Boris Johnson’s affordable housing – £12,500 a year for a studio flat

  • “Affordable” housing scheme backed by Mayor charges more than £1,000 a month in average rent and charges
  • Scheme lists studio flats costing £12,500 a year
  • Some properties require a minimum income of £40,000 a year just to qualify
  • Only 70 properties currently available across a 40 mile radius around London

By Chaminda Jayanetti

An affordable housing scheme backed by Boris Johnson is offering small studio flats in London for more than £12,500 a year in rent and service charges.

The “intermediate rent” scheme is part of First Steps, an affordable housing programme backed by the Mayor of London to help lower and middle income earners get on the housing ladder.

Intermediate rents are subsidised to around a fifth below market rents – but with market rents in London already out of control, the supposedly affordable intermediate rents are also beyond many people’s reach.

Studio flats are self-contained apartments, often combining a kitchen, living room and bedroom into one single room, with a small separate bathroom.

But the supposedly affordable intermediate rent scheme currently lists two of these small apartments at £12,500 a year each in rent and service charges – one in Greenwich, the other in Lewisham. The only “key features” listed for the Greenwich flat are carpets and a cooker.

Moreover, the flats are restricted to households earning at least £38,538 a year.

Given that studio flats are too small for a couple to comfortably live in, this means a renter must be earning almost £40,000 a year just to afford a tiny “affordable” apartment.

Greenwich studio
Studio flat in Greenwich, yours for £12,500 a year

Three one-bedroom flats available under the scheme have even higher minimum income requirements, with only individuals and couples earning more than £40,000 a year able to bid for them.

No household earning more than £66,000 a year is allowed to rent under the scheme – a cap raised to £80,000 a year for properties with three or more bedrooms.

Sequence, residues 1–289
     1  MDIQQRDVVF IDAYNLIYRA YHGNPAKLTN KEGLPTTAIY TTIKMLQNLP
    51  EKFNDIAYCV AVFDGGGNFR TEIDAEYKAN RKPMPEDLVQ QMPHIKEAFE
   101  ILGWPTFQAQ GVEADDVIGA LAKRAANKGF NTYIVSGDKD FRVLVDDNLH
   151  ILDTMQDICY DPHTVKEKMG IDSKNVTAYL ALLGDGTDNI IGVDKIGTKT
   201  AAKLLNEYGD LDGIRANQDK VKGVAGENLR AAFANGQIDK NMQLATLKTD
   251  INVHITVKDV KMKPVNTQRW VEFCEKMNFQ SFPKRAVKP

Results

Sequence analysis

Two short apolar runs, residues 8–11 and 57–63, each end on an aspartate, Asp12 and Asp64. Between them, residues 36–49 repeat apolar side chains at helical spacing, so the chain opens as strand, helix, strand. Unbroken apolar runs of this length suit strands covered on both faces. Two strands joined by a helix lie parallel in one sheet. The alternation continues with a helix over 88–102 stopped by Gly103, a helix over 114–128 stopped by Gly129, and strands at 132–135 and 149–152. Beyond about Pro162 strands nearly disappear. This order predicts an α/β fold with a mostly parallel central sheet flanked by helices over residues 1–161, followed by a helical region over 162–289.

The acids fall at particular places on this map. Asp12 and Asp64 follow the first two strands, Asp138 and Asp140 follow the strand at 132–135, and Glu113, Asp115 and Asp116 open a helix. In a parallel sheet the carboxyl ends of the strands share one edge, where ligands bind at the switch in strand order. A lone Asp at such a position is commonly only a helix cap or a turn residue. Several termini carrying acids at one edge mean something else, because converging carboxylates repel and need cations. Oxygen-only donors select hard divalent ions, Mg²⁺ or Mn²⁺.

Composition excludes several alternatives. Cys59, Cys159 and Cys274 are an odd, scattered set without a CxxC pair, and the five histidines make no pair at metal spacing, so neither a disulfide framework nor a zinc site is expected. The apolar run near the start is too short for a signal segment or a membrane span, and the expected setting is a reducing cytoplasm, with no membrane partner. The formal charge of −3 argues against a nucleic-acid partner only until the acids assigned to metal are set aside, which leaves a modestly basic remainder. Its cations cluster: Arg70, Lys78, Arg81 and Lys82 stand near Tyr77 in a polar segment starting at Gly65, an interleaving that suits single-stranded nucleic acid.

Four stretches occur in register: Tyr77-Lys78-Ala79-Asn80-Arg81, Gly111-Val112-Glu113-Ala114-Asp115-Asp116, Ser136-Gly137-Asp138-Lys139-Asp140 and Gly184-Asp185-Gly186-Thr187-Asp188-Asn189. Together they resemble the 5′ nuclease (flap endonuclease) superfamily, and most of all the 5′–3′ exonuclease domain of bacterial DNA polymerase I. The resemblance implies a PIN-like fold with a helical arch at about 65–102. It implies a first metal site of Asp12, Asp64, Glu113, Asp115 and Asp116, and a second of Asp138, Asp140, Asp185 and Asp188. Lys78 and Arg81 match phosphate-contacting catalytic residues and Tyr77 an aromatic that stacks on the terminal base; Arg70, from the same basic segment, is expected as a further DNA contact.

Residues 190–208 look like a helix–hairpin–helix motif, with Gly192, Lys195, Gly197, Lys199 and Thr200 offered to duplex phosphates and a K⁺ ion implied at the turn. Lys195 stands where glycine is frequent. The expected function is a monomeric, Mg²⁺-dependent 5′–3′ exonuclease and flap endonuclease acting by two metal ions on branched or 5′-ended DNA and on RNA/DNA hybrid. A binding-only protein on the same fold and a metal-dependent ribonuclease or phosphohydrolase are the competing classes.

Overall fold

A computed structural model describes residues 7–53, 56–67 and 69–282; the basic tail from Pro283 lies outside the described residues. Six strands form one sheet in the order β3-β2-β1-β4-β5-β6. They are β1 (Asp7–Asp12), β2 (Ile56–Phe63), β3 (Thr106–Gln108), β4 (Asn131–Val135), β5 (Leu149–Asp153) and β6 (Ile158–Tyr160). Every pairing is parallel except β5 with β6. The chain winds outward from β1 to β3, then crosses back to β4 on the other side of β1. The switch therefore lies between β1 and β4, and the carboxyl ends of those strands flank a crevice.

Only 70 rental properties are currently available under the scheme – a drop in the ocean compared to London’s dire housing needs – and 52 of these carry a minimum household income requirement.

The average minimum household income required to rent these properties is just over £36,000 a year – but that includes flats and houses with multiple bedrooms.

Even so, the average income “per room” is a hefty £26,500 a year – putting most of these properties well beyond the reach of people working in catering, cleaning, hospitality, and plenty of other jobs needed to keep London going.

The rents demanded under the intermediate rent scheme would make eyes water outside London. The average rent and service charge is more than £1,000 a month – and allowing for multiple-room properties, the average rent and charges “per room” is nearly £9,000 a year.

In fact, the cheapest one-bedroom flat offered under the scheme would cost more than £7,000 a year, with most of the one-bedroom flats costing more than £10,000 a year in rent and charges.

Nor is flat-sharing a quick route to genuine affordability. Only three of the multi-room properties come in at under £5,000 a year “per room”. In fact, 23 of the “affordable” properties have annual rent and charges set above £10,000 per room, including a two-bedroom apartment in Croydon.

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